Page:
Sites list alternatives to traditional schooling

By Reid Kanaley The Philadelphia Inquirer

You’d be hard-pressed to find a college not offering online courses. Some are cheap alternatives to traditional schooling. Here are some things to consider about inexpensive distance learning.

Coursera offers free online access to hundreds of college courses from Yale, Peking University, Penn State and 106 other institutions of higher learning. That’s impressive, but can you get real credit for taking a course on Coursera? Yes, in a way. Within a few weeks of starting a course, you can decide to opt for Signature Tracking. For a fee up to about $90 that Coursera shares with the university, the site will take steps to verify your identity and award a “verified certificate” of completion at the end of the course. The jury is out on what that’s worth in the job market.”

Programs like Coursera, along with edX and Udacity, are providers of MOOCs — massive open online courses. There’s getting to be a long list of MOOCs, and this site, MOOC List, aggregates them for searching. You can browse by subject, university or instructor, or even by “estimated effort.”

This Yahoo Finance article about Southern New Hampshire University’s College for America, a $2,500-per-year online bachelor’s degree program, describes the offering as a competency-based curriculum aimed at working adult learners. Competencies are pass-fail projects, and “each competency represents a section of the course and there are 240 different competencies in all” for a bachelor’s degree, the article says.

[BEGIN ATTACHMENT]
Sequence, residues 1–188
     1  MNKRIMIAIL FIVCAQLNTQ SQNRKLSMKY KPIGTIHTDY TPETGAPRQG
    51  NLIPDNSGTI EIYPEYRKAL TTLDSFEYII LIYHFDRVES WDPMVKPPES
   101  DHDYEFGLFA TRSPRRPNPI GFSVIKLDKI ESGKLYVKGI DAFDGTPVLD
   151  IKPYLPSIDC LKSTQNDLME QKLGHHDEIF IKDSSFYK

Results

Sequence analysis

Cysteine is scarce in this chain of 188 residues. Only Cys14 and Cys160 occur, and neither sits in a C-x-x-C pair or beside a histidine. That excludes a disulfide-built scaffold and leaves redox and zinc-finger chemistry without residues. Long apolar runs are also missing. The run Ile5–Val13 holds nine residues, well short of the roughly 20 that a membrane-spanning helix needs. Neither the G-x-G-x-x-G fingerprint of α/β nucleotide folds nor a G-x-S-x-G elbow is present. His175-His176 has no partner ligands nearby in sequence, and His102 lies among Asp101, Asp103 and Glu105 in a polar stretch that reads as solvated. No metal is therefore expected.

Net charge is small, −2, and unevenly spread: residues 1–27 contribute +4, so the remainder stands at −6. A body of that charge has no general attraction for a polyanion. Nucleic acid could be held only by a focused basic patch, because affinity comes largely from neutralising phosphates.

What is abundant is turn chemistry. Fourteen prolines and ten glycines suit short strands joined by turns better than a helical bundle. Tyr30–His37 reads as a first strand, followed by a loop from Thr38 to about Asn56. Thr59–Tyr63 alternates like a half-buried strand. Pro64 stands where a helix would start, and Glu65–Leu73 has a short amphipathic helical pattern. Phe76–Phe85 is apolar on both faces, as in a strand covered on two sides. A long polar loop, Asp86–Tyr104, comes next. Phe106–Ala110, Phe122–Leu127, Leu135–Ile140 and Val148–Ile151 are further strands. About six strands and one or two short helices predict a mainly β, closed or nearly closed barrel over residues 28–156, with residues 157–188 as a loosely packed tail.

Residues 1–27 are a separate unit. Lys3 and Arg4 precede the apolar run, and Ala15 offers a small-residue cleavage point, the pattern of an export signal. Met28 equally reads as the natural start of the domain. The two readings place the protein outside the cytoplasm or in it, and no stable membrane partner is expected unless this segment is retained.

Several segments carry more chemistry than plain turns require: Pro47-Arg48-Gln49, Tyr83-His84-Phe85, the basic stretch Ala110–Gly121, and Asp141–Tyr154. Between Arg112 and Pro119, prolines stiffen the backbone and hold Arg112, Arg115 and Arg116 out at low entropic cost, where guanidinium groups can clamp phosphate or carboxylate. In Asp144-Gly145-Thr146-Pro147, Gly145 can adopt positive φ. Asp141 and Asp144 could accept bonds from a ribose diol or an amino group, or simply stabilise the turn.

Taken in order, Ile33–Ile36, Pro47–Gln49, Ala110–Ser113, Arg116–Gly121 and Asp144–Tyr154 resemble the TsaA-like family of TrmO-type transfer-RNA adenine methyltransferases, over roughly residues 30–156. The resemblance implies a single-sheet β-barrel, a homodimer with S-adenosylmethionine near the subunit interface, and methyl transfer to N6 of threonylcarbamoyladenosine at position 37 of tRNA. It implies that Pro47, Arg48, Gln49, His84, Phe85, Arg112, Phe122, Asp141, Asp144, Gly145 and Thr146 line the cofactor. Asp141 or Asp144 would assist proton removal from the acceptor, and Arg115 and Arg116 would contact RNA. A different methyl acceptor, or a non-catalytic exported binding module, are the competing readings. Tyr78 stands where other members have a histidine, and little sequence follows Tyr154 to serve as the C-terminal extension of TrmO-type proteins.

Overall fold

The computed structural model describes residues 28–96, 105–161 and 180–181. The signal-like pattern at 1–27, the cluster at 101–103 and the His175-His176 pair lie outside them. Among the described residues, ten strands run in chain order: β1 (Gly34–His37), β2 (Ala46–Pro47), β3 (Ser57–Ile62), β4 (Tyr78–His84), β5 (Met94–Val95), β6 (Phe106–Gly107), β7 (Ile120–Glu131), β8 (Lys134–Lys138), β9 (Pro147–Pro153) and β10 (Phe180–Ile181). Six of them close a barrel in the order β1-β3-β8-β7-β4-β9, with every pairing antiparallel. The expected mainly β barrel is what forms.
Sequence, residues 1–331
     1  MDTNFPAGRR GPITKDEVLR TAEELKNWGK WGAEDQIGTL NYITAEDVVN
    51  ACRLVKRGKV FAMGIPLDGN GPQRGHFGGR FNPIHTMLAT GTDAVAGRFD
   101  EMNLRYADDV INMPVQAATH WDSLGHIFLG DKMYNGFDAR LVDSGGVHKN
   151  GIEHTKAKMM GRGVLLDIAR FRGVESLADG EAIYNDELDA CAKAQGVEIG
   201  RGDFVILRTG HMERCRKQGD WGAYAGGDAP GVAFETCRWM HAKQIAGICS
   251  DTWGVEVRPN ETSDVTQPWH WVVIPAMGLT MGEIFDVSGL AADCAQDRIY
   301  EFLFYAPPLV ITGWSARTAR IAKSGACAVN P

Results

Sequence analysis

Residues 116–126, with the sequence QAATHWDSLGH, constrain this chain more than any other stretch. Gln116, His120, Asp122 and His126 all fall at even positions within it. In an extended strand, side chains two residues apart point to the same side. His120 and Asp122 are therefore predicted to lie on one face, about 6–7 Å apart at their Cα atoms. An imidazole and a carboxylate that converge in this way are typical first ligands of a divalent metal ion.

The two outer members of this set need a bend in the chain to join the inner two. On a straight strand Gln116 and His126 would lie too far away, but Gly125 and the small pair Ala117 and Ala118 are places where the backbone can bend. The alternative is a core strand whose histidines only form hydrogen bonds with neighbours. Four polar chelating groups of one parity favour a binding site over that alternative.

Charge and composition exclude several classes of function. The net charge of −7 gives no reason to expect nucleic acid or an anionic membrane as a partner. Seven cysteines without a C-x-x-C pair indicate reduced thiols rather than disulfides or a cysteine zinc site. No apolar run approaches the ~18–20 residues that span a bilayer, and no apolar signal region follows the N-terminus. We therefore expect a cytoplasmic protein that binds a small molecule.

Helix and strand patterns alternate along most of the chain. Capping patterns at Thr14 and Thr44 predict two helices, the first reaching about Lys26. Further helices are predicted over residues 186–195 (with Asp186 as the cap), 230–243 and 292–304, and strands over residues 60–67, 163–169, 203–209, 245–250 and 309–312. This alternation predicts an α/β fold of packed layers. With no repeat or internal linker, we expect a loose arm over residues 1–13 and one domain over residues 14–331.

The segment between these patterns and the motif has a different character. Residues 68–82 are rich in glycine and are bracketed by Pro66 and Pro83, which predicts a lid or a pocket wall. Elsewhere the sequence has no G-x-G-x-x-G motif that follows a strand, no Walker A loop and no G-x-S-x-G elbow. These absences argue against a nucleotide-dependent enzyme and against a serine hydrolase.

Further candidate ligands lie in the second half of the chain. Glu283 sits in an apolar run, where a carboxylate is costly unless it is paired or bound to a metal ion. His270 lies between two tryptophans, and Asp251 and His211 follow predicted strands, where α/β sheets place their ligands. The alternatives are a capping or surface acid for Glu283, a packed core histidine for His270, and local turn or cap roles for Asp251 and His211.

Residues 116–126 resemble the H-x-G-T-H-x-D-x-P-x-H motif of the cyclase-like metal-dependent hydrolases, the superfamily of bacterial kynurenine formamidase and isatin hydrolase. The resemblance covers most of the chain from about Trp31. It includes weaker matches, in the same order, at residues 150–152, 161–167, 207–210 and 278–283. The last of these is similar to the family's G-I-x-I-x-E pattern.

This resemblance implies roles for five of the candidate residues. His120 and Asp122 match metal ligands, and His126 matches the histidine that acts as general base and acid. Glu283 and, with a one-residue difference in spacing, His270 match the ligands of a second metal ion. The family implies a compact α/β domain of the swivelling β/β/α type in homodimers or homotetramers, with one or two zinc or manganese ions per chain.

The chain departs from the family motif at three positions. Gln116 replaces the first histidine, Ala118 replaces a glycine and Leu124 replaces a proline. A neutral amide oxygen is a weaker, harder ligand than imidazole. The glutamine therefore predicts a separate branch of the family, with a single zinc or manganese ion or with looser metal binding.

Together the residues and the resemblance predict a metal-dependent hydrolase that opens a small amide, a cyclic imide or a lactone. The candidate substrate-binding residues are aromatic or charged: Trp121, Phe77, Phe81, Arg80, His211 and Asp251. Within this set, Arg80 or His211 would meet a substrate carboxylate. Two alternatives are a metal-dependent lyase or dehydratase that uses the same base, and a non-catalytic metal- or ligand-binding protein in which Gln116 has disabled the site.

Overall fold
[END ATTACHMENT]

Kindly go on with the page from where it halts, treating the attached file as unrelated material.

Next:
Here’s the site for College for America. The hitch, we learn, is that students going for the four-year degree have to be working for “partner” employers, which include McDonald’s Corp., Sodexo, and a number of nonprofits. maintains a database of colleges offering online degrees, and a separate list of “cheap online colleges.” Data come from the U.S. Department of Education, and results include links to the college websites.

Studies of online education, posted on this page at the site of Columbia University’s Community College Research Center, paint a generally unflattering picture. Some studies show that, compared with face-to-face schooling, students tend to perform more poorly in online courses, withdrawal rates can be exceedingly high, and minority and poor students tend to be underserved, due to issues of preparation and access to technology. It’s a far cry from the educational democratization that online instruction seems to promise – at least at this point on the learning curve.